•Can I fix my limited Ankle Dorsiflexion?
It depends. If there is a structural/osseous anomaly involved with the talocrural joint, probably not. But with tight posterior leg soft-tissue or a joint restriction, probably.
Runners with decreased ankle DF increase their susceptibility to injury because if there is lack of motion here, compensation in motion occurs in that kinetic chain. For example, increased incidence of local injuries like plantar fasciosis, medial tibial stress syndrome and ankle sprains are due to increased ROM in the sub-talar joint, hyperpronation.
More proximally at the knee we see increased valgus collapse at the knee which can leave you susceptible to non-contact ACL injuries and patella-tracking injuries (PFPS). Even as far up as the hip: lack of ankle dorsiflexion doesn't allow full hip extension and a full stride during gait.
Anyone having difficulty with their IT-Band? Been attacking the GMed without progress? Look to the ankle.
Foam rolling and stretching can help but try some self-ankle mobilization as part of your dynamic warm-up. Going barefoot would allow proprioceptive feedback and maybe a little more motion.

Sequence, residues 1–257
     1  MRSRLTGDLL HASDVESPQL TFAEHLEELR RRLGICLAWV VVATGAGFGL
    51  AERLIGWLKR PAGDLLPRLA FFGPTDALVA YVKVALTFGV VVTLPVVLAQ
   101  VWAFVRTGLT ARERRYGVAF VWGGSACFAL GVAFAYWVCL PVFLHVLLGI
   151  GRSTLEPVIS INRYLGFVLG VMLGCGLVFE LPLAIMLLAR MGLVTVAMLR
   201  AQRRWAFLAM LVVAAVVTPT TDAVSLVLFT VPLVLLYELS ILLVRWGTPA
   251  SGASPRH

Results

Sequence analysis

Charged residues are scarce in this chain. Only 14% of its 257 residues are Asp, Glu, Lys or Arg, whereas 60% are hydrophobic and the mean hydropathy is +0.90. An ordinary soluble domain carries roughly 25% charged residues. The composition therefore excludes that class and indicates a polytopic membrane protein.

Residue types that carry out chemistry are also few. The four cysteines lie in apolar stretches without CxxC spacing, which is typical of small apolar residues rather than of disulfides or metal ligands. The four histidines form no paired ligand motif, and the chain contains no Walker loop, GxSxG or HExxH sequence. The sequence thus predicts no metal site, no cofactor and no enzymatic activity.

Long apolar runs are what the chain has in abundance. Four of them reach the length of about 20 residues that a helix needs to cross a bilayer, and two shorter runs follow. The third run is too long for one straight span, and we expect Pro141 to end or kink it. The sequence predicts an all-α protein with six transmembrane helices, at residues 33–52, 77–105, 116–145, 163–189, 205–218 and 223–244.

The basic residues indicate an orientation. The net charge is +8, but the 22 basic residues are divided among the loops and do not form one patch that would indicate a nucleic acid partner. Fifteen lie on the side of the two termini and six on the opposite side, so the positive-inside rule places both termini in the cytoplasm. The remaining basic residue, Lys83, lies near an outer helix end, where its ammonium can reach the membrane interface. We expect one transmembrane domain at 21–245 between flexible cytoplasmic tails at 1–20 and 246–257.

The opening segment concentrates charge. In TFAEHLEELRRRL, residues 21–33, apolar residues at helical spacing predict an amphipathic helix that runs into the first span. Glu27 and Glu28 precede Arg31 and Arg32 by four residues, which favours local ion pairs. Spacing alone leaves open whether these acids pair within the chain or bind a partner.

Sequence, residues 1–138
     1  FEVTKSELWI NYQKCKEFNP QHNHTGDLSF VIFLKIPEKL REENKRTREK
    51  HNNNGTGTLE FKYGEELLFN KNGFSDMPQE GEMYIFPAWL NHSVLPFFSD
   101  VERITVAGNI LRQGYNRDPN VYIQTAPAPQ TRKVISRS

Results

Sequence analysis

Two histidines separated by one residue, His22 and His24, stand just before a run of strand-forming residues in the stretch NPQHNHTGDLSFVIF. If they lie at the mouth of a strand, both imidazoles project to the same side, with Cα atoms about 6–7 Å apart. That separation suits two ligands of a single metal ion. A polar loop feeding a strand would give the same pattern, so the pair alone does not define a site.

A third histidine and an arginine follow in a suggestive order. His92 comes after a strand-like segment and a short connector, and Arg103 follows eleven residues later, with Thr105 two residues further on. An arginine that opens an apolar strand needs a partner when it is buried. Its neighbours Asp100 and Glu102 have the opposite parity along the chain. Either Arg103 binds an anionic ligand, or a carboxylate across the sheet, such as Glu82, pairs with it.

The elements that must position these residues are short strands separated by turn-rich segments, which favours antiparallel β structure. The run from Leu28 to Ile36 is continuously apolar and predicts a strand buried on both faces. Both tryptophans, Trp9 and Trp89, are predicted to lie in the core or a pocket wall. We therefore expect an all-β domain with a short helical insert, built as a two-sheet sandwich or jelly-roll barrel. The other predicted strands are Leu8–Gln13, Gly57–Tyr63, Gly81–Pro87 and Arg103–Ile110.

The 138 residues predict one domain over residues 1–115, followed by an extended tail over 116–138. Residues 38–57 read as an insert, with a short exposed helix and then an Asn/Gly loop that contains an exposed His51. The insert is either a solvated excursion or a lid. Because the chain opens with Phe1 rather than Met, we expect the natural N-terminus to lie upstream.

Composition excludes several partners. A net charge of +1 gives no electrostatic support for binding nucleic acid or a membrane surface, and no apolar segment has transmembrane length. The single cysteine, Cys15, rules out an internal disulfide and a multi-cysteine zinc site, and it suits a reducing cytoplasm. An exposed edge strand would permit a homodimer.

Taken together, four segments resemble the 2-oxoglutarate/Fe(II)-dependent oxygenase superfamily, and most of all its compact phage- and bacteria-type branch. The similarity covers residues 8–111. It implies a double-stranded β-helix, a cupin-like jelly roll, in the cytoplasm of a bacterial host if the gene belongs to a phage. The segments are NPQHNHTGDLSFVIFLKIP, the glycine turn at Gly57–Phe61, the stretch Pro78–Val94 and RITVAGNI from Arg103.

Half-kneeling position and heel within 6" of knee, transfer your weight to the front foot, keeping that heel planted. Feel the stretch and return.
Adding a chop with Indian Clubs is great to incorporate a full body warm-up including self-cues out of knee valgus, avoiding the clubs. Step out further, 12" and feel a good posterior hip capsule stretch.💥
-posterior hip mobility✔️
With Indian Club chops:
-Posterior chain activation✔️
Let's decrease injuries and increase our miles :)•
•quick informal test: stand on two legs and hop onto one leg.
Can you control yourself❓What happens at your toes, foot and ankle❓
What happens at your knee, hip and back❓
-hip hike or drop❓
-lumbar spine flexion or extension❓
-arms flailing and wobbling all over the place❓
Based on that information gathered we can predict musculoskeletal injuries and give corrective exercises to prevent them.
For example, hyper pronation or excessive navicular drop at the foot is predictive of plantar fasciitis, MTSS and ACL injuries. Focus locally on strengthening the intrinsic foot muscles and work globally up the kinetic chain to strengthening core and pelvic stabilizers.
Why is this important❓ Doesn't running and cutting take place on one foot (among other movements)❓Shouldn't you be a one foot master❓• •Doing this test with eyes closed can give you even more information•
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